Tianna Bartoletta hugged her brand-new Olympic teammates and waved a small American flag as she stood on the track soaking in the moment.
She has a lot to celebrate this holiday weekend.
Bartoletta, an Elyria High graduate, finished second Sunday in the 100 meters of the U.S. Olympic trials in Eugene, Ore., to qualify for the Rio Olympics next month. She will try to earn the title of the world’s fastest woman after finishing fourth in the 100 in 2012 at the London games.
She’s also expected to be a member of the 4x100 relay after winning gold in London on the world record-setting team.
If that weren’t enough, Bartoletta had qualified for Rio in the long jump Saturday, placing second.
“One of the mantras we’ve been drilling into me is that I have to conquer myself,” said Bartoletta, whose maiden name is Madison. “Conquering myself is the only victory that truly matters, and when I walk away from the long jump or walk away from the 100, I have to be proud of myself and know that I gave 100 percent.
“On the other hand, it was so finely tuned and planned out the way I was going to handle this meet that it was almost like a checklist. Done, done, done, done, so as a professional, I did what I needed to do.”
Bartoletta, who turns 31 in August, was focused before the race, barely acknowledging the cheers when she was announced. She led for much of the lightning-fast race before English Gardner passed her late.
Gardner won in 10.74 seconds, and Bartoletta leaned with her head to finish second at 10.776. Tori Bowie was third in 10.779. They are all headed to Rio de Janeiro, Brazil.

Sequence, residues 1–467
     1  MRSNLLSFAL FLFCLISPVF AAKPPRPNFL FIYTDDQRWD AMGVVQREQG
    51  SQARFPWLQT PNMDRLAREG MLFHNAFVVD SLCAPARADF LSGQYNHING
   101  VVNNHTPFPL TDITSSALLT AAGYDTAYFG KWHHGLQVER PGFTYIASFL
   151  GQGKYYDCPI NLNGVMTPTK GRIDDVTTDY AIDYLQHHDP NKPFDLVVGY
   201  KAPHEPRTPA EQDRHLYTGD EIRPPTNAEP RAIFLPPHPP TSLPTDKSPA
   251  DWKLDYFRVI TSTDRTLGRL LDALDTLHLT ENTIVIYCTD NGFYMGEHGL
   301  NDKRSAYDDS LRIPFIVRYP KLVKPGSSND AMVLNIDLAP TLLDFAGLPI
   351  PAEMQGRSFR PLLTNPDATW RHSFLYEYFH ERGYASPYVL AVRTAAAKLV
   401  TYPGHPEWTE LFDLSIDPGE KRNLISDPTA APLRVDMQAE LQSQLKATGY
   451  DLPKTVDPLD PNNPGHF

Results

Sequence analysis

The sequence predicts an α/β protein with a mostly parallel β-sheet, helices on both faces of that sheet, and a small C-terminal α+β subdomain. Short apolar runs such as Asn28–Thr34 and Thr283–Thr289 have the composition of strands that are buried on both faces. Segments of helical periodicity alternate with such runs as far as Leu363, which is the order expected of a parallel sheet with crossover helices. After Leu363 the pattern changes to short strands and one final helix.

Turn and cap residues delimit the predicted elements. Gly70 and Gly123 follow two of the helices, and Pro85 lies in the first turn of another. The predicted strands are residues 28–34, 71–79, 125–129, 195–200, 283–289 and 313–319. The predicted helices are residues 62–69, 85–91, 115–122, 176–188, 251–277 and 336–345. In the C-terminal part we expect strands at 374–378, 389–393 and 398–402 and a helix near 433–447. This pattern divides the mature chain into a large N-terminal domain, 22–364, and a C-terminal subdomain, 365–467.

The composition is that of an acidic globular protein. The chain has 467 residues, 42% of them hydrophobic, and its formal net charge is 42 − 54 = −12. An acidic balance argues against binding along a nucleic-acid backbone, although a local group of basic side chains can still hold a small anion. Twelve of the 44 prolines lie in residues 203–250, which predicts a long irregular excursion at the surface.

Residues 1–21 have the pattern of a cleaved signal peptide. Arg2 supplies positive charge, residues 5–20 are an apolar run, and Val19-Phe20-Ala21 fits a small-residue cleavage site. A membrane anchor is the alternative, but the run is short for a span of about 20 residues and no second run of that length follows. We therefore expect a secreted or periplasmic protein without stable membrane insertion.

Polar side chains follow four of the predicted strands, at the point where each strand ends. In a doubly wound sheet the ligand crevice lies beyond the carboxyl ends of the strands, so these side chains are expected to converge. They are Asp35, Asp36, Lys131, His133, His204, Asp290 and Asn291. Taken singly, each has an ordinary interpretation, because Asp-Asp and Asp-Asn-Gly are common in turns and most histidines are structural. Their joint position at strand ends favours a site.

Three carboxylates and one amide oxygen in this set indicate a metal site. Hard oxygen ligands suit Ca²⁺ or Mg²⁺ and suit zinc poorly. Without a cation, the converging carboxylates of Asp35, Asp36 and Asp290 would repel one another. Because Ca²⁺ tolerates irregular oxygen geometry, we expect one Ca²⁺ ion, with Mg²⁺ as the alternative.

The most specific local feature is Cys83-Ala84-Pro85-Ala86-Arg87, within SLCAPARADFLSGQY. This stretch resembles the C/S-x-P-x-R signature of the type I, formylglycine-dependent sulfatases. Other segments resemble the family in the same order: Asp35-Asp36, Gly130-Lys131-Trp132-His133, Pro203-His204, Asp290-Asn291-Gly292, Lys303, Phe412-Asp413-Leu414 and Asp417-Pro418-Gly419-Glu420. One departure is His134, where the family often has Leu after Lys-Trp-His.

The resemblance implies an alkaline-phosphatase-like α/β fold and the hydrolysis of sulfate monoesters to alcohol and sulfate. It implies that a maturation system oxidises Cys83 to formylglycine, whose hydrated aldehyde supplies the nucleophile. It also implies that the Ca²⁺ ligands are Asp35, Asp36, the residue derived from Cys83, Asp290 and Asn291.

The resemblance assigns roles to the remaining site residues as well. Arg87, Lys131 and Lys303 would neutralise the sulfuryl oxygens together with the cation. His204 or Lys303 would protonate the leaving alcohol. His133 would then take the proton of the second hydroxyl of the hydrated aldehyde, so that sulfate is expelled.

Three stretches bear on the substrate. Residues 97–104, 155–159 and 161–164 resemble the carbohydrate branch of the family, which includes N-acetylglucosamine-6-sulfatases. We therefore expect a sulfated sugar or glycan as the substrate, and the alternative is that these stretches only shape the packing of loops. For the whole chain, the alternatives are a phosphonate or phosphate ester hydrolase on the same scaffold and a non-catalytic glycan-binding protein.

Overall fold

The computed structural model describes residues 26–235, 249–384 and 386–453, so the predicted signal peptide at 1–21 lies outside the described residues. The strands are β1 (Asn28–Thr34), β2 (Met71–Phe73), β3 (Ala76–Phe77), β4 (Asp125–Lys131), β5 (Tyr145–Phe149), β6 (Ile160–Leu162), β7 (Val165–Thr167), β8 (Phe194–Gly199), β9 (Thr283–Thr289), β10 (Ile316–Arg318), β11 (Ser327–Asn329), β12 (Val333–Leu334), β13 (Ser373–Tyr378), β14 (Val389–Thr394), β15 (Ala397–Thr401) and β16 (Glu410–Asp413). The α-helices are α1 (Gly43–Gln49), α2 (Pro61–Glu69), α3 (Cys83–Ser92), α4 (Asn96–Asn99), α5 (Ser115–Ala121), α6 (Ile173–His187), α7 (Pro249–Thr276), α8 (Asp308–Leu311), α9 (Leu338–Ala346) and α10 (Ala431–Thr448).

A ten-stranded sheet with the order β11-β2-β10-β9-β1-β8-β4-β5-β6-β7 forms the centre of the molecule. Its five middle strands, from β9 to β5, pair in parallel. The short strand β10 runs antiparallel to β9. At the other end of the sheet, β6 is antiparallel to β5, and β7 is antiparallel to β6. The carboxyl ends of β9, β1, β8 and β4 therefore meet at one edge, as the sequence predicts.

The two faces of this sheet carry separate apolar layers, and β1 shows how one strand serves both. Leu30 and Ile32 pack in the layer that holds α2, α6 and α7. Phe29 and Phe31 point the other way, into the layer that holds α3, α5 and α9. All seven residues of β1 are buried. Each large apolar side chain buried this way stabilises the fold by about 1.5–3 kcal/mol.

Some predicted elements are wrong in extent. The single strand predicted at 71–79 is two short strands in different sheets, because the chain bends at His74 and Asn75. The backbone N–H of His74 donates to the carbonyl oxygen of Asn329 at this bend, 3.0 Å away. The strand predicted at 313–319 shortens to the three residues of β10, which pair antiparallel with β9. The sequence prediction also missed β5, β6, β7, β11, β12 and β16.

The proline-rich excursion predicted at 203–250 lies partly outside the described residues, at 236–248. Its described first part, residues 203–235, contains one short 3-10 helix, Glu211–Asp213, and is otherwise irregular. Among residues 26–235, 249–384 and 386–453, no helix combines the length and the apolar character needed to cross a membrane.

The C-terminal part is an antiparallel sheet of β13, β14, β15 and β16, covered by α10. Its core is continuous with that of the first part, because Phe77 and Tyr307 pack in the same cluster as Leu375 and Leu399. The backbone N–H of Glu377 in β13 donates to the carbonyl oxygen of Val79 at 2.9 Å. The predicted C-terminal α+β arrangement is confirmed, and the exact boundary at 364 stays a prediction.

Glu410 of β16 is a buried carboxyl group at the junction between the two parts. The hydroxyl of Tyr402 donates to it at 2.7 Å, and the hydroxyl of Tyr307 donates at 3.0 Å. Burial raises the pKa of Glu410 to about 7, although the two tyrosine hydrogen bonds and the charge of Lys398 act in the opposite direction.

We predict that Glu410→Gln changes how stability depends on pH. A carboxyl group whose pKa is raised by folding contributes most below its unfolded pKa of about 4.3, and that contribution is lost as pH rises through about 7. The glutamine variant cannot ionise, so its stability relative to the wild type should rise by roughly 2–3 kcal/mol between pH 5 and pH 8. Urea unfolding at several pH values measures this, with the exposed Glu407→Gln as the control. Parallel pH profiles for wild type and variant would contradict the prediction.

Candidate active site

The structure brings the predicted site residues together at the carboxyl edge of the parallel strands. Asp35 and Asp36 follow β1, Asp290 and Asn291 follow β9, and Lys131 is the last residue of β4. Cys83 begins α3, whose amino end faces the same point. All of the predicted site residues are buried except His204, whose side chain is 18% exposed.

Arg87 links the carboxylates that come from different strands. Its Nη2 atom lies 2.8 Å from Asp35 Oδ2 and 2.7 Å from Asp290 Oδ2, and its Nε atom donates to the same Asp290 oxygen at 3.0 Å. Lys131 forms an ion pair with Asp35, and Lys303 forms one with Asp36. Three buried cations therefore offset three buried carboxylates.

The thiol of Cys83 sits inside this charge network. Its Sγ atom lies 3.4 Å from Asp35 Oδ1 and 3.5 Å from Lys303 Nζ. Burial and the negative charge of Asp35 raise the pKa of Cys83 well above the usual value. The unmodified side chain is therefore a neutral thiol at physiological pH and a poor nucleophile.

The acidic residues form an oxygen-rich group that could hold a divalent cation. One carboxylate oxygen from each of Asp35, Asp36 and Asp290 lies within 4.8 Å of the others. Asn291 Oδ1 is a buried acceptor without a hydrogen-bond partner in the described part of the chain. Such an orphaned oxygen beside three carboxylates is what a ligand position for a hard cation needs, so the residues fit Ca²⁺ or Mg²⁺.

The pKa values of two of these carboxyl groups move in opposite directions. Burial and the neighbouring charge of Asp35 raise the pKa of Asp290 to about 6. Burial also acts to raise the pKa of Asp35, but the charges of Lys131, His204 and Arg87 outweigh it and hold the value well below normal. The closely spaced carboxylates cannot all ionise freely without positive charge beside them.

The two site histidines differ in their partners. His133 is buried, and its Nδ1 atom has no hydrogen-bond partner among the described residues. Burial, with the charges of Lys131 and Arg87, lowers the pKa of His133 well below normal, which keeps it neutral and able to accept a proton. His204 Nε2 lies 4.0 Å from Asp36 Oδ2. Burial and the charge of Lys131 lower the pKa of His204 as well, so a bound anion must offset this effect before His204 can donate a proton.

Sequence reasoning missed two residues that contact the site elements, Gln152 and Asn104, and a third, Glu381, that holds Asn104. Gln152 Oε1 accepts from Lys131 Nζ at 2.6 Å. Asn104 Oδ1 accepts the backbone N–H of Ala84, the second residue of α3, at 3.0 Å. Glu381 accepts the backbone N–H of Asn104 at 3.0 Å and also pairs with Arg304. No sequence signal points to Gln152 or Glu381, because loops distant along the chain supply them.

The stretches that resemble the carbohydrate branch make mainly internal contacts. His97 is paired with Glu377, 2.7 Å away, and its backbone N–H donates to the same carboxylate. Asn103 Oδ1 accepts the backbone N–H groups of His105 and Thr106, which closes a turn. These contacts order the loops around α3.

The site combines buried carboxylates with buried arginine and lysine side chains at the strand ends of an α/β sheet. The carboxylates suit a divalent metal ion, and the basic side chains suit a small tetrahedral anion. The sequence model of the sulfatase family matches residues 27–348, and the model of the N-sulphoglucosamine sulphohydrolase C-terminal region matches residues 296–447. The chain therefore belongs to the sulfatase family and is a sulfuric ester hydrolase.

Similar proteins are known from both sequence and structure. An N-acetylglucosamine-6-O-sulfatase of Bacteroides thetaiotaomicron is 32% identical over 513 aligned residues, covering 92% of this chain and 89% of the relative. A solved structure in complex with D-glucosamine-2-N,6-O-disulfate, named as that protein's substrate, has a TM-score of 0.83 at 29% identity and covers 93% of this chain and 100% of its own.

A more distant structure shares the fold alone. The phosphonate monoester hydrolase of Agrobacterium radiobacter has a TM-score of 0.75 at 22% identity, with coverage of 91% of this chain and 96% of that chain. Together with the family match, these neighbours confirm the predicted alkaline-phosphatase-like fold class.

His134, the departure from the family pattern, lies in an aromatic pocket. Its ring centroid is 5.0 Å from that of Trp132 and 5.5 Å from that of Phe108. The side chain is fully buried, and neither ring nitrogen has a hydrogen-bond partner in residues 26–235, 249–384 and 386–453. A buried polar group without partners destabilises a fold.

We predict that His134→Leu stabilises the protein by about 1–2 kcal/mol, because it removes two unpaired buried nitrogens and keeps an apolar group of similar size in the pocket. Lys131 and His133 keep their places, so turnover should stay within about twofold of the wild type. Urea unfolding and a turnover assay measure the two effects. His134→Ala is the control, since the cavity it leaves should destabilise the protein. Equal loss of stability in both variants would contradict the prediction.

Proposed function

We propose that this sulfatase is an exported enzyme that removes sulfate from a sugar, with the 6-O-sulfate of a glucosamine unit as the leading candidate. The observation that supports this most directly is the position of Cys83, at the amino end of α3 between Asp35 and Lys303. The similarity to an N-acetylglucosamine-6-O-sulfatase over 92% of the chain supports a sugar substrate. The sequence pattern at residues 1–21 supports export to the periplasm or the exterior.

According to a statkeeper, this was the first wind-legal women’s 100 with three times under 10.8.
“These two ladies are the two most fierce ladies we have in the United States because they don’t back down,” Gardner said. “They’re not scared of anybody, and that’s why I love competing with them because they always give the best race they possibly can. I knew it was gonna be a wire-to-wire race, so if I just kept my composure, we would just see what I came out with in the end.”
Bartoletta, who ran 10.85 in London, is the only Olympic veteran of the trio, but Gardner was already thinking about what the relay will be able to do.
“It’s going to be nasty, I promise you that,” she said.
Bartoletta will compete against the world as she looks for multiple medals in Rio, but she might find the experience easier than this weekend. During the long jump finals Saturday she had to leave the pit for the track to run the first heat of the 100.
“The schedule for Rio is going to be completely easy compared to this weekend,” she said. “The 100 is going to be first and there’s a good three, four, maybe even five days between the 100 and the long jump, so I’m happy this difficult trial is past me.
“It’s been a struggle finding my stride and rhythm on the runway with a new coach. It hasn’t been perfect but in the last two weeks, my husband and I changed my training. I would warm up, take six jumps and then go over to the hundred and sprint, so I’ve been doing that for the last two weeks to be physically and mentally prepared for this weekend.”
Bartoletta is a two-time world champion (2005, ’15) in the long jump but will jump in the Olympics for the first time. She flew 23 feet, ½ inch Saturday.
She won nine state championships for Elyria High. She lives in Tampa, Fla.
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